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Sunday, March 4, 2012

Wolverine: Weapon X

Title: Wolverine: Weapon X

ISBN: 9780785137269

Price: $16.99

Publisher/Year: Marvel, 2009

Artist: Barry Windsor-Smith

Writer: Barry Windsor-Smith

Collects: Marvel Comics Presents #72-84

Rating: 3/5

Having hopefully allowed themselves the opportunity to dive deeper into the comics over the past 15 years since, readers can see which stories made the cut and which were significantly changed along the way. One story that proved a major influence on the animated series and its successors was Barry Windsor-Smith's Weapon X. This 1991 story showed readers a firsthand glimpse of the terrible process that turned Logan the man into Weapon X the killer. The cartoon offered some small piece of this tale, but the real thing is far more violent, more disturbing, and more engrossing than any children's program could hope to offer.

At the time, Windsor-Smith was best known for his work on Marvel's long-running Conan comics. His experience with the X-Men was meager, and he must have seemed an odd choice to readers at the time to chronicle such a pivotal moment in Wolverine's life. However, it's precisely this outsider quality to Windsor-Smith's work that makes Weapon X standout even 18 years later.

Weapon X was originally serialized in the pages of Marvel Comics Presents, which at the time tended to feature one Wolverine tale and several back-up stories each issue. Appearing as 13 segments of roughly a dozen pages each, Weapon X followed Logan's story from his capture by Weapon X scientists to the adamantium bonding procedure to his inevitable escape. Along the way, Windsor-Smith offers a glimpse of the men and women who molded Wolverine into what he is today.

In his introduction to this trade, Larry Hama eloquently explains just what makes Weapon X so unique. Windsor-Smith was not interested in rehashing the same style of writing that has so dominated Wolverine comics over the years. Forget the standard Wolverine monologue – the script rarely delves into Wolverine's mind at all. Instead, the story reflects on the nature of the character and the duality of his man/beast persona through the eyes of the Weapon X scientists. We meet Dr. Cornelius, an ambitious but disgraced scientist who finds a second shot at glory in Weapon X. We meet Carol Hines, a chipper, innocent young woman who nonetheless subjects Wolverine to the harshest of experiments. And we meet the enigmatic Professor Thorton, who appears to be in charge but, in truth, answers to a higher master.

The writing in this story is often fractured, but not in a bad way. The entire experience borders on the surreal, as narrative captions and word balloons swirl across the page and sometimes battle each other for supremacy. And yet, Windsor-Smith rarely wastes words. You'll find no needless narration or exposition here. There are times when the circular flow of word balloons becomes a bit hard to follow, but nothing too serious.

And though the bonding procedure seemed a simple thing in the cartoon, the comics depict it as much more difficult and time-consuming. Wolverine is subjected to test after test as the scientists struggle to make sense of his physiology and determine how to first restrain and then harness their new weapon. Even after Wolverine breaks from captivity, the story continues along and reaches a few surprising twists before granting Logan his hard-won freedom.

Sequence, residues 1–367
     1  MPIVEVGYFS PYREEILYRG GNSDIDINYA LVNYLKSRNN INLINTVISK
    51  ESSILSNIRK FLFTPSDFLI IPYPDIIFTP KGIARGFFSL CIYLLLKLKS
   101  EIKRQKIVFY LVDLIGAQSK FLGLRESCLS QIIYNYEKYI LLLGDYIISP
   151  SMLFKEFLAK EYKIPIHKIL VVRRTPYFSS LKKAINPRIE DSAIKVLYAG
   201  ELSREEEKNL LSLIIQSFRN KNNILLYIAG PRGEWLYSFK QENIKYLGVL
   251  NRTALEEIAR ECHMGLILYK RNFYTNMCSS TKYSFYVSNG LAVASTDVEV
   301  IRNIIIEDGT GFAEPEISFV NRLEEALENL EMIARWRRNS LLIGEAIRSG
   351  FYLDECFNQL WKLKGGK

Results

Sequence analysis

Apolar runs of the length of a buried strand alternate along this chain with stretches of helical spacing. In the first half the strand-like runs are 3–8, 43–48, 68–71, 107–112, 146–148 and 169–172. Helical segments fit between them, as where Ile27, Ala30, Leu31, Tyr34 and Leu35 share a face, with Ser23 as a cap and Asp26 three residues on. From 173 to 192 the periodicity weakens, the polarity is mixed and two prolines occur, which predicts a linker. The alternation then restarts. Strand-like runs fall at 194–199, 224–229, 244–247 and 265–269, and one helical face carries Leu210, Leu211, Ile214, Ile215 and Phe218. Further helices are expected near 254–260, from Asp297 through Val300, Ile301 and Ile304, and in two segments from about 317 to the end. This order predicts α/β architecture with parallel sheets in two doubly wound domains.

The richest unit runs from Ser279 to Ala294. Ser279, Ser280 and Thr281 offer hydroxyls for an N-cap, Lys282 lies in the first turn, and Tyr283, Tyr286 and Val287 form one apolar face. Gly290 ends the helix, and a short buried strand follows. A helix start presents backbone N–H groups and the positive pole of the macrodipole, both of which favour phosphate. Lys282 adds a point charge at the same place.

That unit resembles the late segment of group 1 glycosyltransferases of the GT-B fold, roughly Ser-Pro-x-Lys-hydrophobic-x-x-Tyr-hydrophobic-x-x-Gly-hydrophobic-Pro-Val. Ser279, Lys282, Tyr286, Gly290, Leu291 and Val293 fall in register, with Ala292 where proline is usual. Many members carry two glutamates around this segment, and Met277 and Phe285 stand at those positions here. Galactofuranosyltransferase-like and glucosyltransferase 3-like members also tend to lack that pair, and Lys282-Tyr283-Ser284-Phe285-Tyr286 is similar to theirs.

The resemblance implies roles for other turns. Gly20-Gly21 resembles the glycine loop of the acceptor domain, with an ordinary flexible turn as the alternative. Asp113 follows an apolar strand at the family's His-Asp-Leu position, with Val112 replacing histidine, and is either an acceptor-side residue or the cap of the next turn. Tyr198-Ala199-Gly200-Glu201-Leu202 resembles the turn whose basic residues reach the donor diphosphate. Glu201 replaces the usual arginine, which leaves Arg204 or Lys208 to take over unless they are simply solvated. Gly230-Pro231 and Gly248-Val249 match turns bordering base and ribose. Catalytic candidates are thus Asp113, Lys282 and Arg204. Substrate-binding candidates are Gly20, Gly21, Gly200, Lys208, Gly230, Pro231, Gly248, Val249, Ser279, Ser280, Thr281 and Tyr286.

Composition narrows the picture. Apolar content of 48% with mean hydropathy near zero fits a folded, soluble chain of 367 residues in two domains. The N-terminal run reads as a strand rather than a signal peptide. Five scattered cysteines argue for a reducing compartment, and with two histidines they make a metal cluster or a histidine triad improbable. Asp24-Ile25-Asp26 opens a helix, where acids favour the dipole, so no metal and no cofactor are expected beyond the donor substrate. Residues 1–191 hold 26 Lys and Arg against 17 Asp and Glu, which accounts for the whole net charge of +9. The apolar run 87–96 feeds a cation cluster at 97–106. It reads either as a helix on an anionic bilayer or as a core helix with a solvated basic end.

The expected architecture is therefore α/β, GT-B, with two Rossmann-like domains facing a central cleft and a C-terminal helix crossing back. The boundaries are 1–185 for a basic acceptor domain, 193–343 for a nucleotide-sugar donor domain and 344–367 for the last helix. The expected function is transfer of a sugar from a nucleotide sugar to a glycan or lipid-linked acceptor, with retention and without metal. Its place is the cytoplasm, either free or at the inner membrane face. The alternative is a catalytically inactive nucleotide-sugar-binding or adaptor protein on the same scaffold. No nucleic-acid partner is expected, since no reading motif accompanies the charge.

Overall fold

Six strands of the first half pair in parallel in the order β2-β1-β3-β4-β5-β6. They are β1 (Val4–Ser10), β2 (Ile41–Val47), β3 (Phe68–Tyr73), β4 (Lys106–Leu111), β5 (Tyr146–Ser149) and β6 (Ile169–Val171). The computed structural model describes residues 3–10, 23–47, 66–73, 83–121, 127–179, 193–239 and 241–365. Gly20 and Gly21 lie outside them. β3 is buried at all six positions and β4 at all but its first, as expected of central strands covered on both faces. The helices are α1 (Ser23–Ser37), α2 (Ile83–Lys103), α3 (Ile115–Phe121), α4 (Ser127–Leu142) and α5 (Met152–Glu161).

Weapon X is easily the most thoughtful and well-crafted look at this portion of Wolverine's life. Even Logan's oppressors become sympathetic in their own way. It certainly doesn't provide all the answers about Wolverine's life. It would be another ten years before readers learned his true name. But in terms of a character study, there is none finer. And the script even offers a fair bit of leeway in allowing itself to link with other stories down the road. One almost wonders if Marvel wasn't planning the revelation that Wolverine had bone claws this far ahead of fatal Attractions. And in Thorton's many phone calls to his mysterious benefactor, it's easy to imagine he's talking to a character like Romulus or Sublime, both of whom didn't debut until this decade.

But as strong as the script may be, the real asset of Weapon X is the art and the way it syncs with the script. Windsor-Smith illustrated Weapon X as well as wrote it. In fact, he performed nearly every task down to some of the lettering. It's a labor of love, and it definitely shows. Page layouts are far more creative and engaging than many contemporary stories. The sheer amount of detail crammed into panels as Logan is hooked up to wires or a he cleaves flesh from bone is remarkable. And as the story dips further and further into the surreal, Windsor-Smith's work only becomes more visually stunning.

The current edition of Weapon X offers a bit more in the way of bonus content than readers might expect from a standard trade paperback. In addition to a cover gallery, Marvel included a short segment from Wolverine Vol. 2 #166 illustrated by Windsor-Smith. Unfortunately, this segment doesn't impress much taken out of context, but it is an interesting showcase of how Windsor-Smith's art has evolved over the years.

For my money, Weapon X is the definitive Wolverine story. It offers up much of what readers love about the character – the violence, the mystery, and the inner turmoil. But it also dares to be different. Many of the classic Wolverine stories ultimately feel dated by modern standards. In terms of content, of visuals, and of impact, Weapon X remains as relevant today as it was in 1991.

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